While the underlying cause or causes of FM still remain a mystery, new research findings continue to bring us closer to understanding the basic mechanisms of fibromyalgia. Most researchers agree that FM is a disorder of central processing with neuroendocrine/neurotransmitter dysregulation. The FM patient experiences pain amplification due to abnormal sensory processing in the central nervous system. An increasing number of scientific studies now show national multiple physiological abnormalities in the FM patient, including: increased levels of substance P in the spinal cord, low levels of blood flow to the thalamus region of the brain, HPA axis hypofunction, low levels of serotonin in tryptophan and abnormalities in cytokine function.
Recent studies show that genetic factors may predispose individuals to a genetic susceptibility to FM. For some, the onset of FM is slow; however, in a large percentage of patients the onset is triggered by an illness or injury that causes trauma and stress to the body these events may act to incite an undetected physiological problem already present.
Increasing attention is being devoted to the central nervous system as the underlying mechanism of FM. Recent studies have suggested that FM patients have generalized disturbances in pain processing and an amplified response to stimuli that would not ordinarily be painful in healthy individuals.
New research has also begun in the areas of brain imaging and neurosurgery. Ongoing research will test the hypothesis that FM is caused by an interpretive defect in the central nervous system that brings about abnormal pain perception. Medical researchers have just begun to untangle the truth about this life altering disease.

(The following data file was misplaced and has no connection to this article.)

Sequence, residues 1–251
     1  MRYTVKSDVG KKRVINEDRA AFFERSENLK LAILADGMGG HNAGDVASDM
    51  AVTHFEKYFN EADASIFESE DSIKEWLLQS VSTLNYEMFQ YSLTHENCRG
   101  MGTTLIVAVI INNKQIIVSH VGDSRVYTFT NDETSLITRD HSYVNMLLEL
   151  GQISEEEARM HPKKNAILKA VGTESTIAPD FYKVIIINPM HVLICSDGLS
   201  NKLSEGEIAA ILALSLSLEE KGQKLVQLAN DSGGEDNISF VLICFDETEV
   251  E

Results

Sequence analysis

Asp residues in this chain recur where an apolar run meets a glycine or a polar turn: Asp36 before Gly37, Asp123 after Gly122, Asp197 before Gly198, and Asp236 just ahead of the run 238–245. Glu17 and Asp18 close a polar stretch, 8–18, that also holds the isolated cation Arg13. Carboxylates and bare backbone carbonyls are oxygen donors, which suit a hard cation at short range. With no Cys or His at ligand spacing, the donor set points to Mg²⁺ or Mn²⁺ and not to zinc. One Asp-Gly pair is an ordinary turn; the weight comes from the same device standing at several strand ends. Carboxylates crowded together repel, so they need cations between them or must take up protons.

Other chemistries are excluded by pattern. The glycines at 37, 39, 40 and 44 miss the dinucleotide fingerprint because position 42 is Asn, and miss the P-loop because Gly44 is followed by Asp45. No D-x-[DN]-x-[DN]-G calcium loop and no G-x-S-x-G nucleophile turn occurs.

How is fibromyalgia diagnosed?
There are no blood test or x-ray test that specifically point the doctor to the diagnosis of fibromyalgia. These tests are done to exclude other possible diagnoses. Therefore, the diagnosis of fibromyalgia is made purely on clinical grounds based on the doctor's history and physical examination in patients with chronic widespread body pain, the diagnosis of fibromyalgia can be made by identifying point tenderness areas(typically, but not always, patients will have at least 11 of the 18 classic fibromyalgia tender points), but finding no accompanying tissue swelling or inflammation, and by excluding other medical conditions that can mimic fibromyalgia.
Chiropractic-chiropractic adjustments helps improve the central and peripheral nervous system. With chiropractic care and wellness lifestyle, fibromyalgia patients have experienced decreased symptoms, increase energy and clearer thinking.
Diet-Fibromyalgia will affect different people in different ways. A good diet for fibromyalgia is very specific for the individual. Some people can be bothered by eating certain foods while other people with the syndrome is effected in a positive and healthy way.
Herbs and Supplements-specific supplements can be used to combat the symptoms associated with fibromyalgia.
Medications-Fibromyalgia medications treat symptoms, such as fatigue muscle pain, sleep problems, anxiety, and depression. Fibromyalgia medications have serious side effects.
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My initial fear of Chiropractic was that it was a big scam. But the only real fear I had was that of the unknown. Once I went beyond my ignorance and gave it a shot I was delighted. I came to the clinic not able to work or play basketball. But following a complete chiropractic program I was back on the court and playing to full force within six weeks. I owe Dr. Schreyer alot and thankful for patience and caring. That is my success story.